Aquamarine (from Latin: aqua marina, water of the sea) is a blue or turquoise variety of beryl. It occurs at most localities which yield ordinary beryl, some of the finest coming from Russia. The gem-gravel placer deposits of Sri Lanka contain aquamarine. Clear yellow beryl, such as that occurring in Brazil, is sometimes called aquamarine chrysolite. When corundum presents the bluish tint of typical aquamarine, it is often termed Oriental aquamarine. The deep blue version of aquamarine is called maxixe. Its color fades to white when exposed to sunlight or is subjected to heat treatment, though the color returns with irradiation.
The pale blue color of aquamarine is attributed to Fe2+. The Fe3+ ions produce golden-yellow color, and when both Fe2+ and Fe3+ are present, the color is a darker blue as in maxixe. Decoloration of maxixe by light or heat thus may be due to the charge transfer Fe3+ and Fe2+. Dark-blue maxixe color can be produced in green, pink or yellow beryl by irradiating it with high-energy particles (gamma rays, neutrons or even X-rays).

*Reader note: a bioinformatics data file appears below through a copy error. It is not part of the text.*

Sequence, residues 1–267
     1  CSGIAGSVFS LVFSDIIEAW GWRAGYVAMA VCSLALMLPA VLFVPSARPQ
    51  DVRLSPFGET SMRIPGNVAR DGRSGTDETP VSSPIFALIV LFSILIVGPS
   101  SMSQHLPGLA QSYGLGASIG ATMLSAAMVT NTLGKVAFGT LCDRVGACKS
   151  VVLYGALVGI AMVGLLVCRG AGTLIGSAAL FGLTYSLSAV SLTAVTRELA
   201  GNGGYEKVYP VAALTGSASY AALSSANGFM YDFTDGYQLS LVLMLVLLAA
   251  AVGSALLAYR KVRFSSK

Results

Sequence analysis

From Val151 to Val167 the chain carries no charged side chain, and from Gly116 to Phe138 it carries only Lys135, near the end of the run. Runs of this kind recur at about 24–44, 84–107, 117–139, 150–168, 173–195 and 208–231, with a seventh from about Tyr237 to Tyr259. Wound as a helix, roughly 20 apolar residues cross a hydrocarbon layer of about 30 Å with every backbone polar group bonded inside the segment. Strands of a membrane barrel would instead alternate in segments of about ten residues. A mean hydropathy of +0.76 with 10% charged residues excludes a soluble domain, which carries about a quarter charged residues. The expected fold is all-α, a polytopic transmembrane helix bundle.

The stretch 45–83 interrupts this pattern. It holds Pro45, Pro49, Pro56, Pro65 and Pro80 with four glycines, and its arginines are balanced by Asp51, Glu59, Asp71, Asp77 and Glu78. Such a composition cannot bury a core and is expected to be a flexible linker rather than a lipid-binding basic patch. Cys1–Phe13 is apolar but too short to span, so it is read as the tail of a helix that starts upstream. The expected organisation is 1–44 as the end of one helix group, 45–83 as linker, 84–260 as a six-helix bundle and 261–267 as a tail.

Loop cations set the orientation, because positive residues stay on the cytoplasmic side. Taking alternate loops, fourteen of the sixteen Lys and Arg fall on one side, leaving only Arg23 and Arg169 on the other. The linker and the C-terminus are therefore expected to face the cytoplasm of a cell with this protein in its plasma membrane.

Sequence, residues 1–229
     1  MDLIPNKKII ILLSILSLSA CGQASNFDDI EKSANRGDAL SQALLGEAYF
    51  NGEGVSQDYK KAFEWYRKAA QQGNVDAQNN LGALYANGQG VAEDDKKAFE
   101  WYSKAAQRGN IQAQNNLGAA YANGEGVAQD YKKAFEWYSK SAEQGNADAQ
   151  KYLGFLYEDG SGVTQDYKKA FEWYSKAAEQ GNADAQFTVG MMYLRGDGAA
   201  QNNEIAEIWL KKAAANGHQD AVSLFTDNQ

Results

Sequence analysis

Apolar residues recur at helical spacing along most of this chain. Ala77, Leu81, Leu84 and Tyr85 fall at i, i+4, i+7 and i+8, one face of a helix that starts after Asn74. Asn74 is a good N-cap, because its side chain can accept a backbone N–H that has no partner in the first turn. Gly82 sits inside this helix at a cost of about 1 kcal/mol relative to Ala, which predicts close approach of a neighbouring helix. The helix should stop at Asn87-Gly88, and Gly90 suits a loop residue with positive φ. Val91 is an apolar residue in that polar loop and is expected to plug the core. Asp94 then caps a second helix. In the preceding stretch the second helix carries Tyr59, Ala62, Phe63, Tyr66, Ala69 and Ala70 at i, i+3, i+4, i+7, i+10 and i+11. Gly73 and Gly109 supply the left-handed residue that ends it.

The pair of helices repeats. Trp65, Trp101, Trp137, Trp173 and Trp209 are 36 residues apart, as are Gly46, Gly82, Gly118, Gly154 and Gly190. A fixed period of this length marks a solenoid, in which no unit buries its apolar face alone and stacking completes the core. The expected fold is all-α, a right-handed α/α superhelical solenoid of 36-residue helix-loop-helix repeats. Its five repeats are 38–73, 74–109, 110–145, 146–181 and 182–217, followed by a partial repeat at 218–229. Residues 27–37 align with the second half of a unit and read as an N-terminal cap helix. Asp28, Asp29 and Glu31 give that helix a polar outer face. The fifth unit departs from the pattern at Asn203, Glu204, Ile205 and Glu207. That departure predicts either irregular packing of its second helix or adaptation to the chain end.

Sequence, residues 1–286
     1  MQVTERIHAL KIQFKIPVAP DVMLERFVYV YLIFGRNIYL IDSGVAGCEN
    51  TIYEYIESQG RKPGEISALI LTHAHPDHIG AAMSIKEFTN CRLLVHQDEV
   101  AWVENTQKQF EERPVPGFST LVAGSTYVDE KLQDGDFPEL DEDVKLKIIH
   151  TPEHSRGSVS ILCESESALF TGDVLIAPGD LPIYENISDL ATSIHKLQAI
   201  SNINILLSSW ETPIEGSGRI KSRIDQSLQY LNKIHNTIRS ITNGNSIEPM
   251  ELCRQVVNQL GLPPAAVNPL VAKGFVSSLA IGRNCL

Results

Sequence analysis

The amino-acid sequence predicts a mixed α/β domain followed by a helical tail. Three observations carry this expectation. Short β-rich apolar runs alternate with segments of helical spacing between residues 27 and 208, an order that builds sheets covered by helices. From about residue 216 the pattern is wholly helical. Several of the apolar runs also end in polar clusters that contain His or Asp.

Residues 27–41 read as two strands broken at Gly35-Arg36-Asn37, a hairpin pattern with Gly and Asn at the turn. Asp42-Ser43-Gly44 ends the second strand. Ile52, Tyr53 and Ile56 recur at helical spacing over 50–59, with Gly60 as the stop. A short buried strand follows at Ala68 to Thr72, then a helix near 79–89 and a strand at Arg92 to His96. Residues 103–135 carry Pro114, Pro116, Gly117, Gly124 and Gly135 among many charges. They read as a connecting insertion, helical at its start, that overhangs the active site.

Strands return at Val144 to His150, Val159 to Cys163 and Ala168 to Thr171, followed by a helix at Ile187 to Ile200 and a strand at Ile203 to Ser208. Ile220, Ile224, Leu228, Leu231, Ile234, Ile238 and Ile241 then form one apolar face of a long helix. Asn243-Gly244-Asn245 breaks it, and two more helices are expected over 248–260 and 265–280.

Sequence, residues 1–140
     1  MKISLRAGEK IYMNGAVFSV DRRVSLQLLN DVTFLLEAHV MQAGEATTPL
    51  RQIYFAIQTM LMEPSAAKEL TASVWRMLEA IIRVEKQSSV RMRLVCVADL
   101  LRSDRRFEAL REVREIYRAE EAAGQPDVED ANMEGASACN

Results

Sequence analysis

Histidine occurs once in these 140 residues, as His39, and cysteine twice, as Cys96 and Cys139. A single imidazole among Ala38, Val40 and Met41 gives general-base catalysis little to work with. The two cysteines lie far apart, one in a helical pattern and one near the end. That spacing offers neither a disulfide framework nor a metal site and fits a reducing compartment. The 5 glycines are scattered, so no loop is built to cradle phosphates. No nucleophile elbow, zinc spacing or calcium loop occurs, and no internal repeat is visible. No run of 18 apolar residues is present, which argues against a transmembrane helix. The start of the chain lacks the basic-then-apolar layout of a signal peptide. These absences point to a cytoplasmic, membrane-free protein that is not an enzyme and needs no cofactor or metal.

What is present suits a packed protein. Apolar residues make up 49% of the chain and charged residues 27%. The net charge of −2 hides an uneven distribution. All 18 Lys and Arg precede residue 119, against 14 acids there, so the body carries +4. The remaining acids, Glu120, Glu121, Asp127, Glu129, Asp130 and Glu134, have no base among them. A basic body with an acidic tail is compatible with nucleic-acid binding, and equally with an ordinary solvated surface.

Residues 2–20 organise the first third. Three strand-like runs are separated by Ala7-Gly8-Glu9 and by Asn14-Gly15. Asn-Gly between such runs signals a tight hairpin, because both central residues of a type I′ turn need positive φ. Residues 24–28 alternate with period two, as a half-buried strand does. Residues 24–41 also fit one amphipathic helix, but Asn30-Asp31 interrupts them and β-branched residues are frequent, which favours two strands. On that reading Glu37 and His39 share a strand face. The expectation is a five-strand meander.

In the United States, aquamarines can be found at the summit of Mt. Antero in the Sawatch Range in central Colorado. In Wyoming, aquamarine has been discovered in the Big Horn Mountains, near Powder River Pass. In Brazil, there are mines in the states of Minas Gerais, EspÃrito Santo, and Bahia, and minorly in Rio Grande do Norte. The Mines of Colombia, Zambia, Madagascar, Malawi, Tanzania and Kenya also produce aquamarine.
The largest aquamarine of gemstone quality ever mined was found in Marambaia, Minas Gerais, Brazil, in 1910. It weighed over 110 kg, and its dimensions were 48.5 cm (19 in) long and 42 cm (17 in) in diameter.